The Block Island Times
http://block-island.villagesoup.com/p/905103

This Week in Block Island’s History: A large tree on the West Side, October 3, 1876

By Robert M. Downie | Oct 09, 2012
Photo by: Robert M. Downie Recent photo along West Side Road of the horse chestnut tree planted on July 3, 1876, for the wedding of Elizabeth Dickens’s parents.

This week in Block Island’s history 136 years ago, on October 3, 1876, Nancy Mott married Lovell Dickens at the West Side Road home of her father, Otis Mott, and planted a horse chestnut tree to commemorate the event.

Trees were scarce then on Block Island, whose most notable claims to fame were the vast rolling pastures and plains, with a near total absence of anything taller than a stone wall.

The Mott family, though, had managed to have a significant tree event just the summer before, when President Ulysses S. Grant stopped in his carriage to purchase a basket of cherries from their orchard for 25 cents. Those trees were leveled 60 years later by the 1938 hurricane, but several new ones soon began growing from the roots.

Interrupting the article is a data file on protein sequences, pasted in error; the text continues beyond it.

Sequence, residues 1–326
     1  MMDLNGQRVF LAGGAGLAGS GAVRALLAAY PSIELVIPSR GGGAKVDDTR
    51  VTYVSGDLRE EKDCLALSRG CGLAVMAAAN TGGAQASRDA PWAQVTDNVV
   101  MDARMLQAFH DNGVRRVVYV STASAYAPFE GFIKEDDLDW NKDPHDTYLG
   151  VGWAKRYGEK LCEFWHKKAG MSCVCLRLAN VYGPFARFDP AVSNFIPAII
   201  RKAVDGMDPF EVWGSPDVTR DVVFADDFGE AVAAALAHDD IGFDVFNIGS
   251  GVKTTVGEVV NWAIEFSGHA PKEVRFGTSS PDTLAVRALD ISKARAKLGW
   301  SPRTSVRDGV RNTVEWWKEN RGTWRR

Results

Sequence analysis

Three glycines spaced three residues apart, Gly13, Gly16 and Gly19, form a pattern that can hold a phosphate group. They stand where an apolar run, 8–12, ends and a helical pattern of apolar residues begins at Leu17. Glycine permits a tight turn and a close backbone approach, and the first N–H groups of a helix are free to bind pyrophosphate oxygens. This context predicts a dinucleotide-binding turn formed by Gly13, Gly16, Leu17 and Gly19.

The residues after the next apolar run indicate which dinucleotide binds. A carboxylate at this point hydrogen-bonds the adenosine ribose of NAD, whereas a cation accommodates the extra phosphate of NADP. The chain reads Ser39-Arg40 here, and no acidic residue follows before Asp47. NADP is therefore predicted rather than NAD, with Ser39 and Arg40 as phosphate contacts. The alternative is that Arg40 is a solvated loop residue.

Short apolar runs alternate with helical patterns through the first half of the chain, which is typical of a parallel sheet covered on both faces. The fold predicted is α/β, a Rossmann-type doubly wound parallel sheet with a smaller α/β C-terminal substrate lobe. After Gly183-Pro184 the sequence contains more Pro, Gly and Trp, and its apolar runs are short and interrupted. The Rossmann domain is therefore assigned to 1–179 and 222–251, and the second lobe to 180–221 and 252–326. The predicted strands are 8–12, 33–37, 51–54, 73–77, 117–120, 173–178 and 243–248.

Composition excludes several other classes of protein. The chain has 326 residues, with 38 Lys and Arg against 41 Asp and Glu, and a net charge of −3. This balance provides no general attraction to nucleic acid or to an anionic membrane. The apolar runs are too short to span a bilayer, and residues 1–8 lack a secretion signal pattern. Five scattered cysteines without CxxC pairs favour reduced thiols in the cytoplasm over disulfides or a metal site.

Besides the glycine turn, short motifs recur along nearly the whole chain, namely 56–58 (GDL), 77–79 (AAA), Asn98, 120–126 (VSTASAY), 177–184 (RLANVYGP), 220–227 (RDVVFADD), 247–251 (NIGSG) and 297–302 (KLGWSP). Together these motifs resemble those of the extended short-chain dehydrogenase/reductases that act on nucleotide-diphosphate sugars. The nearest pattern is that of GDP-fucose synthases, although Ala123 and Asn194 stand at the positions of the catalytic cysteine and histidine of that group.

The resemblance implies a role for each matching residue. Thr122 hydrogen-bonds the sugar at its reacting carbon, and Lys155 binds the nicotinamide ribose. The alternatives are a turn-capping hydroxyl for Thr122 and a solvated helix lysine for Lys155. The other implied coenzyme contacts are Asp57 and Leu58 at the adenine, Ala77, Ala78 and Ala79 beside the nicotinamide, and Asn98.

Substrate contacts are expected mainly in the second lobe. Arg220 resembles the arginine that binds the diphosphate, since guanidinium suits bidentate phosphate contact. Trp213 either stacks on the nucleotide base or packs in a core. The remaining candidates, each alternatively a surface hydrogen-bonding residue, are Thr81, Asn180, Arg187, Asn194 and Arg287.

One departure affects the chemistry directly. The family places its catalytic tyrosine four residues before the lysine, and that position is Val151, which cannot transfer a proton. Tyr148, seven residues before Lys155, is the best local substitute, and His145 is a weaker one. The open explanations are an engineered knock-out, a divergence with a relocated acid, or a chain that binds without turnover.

The horse chestnut tree planted at the Mott house was brought from the home of Nancy’s uncle in Lyme, Connecticut. The ironic nature of such ceremonies is that as the tree grows stronger and taller in future years, those who did the planting grow weaker and shorter. On West Side Road the horse chestnut tree can still be seen just north of a sharp curve in the road, behind a stonewall in the yard of an old white house.

Everyone who witnessed the ceremony is gone — for the tree is very large.

But in 1877, within a year after the tree was planted, Nancy and Lovell Dickens had a daughter — named Elizabeth Dickens — who grew up a mile further south on the West Side from where her mother was born. During a good half of the next century she instilled a love of nature, especially birds, into generations of Block Island students.

Miss Dickens died in 1963 after a lifetime of admiring the view of the ocean across her fields. Much of her farmland is now part of the Lewis-Dickens Nature Preserve, where the old pastures still run into the sea. That’s the old Block Island still promoted in tourist brochures, but one now ironically almost disappeared due to the 10-foot-high bushes and shrubs growing up willy-nilly across the island.

So, when you pass the gnarled tree by the bend in the road, celebrate Elizabeth Dickens, and all she stood tall for — including wonderful trees.

Comments (0)
If you wish to comment, please login.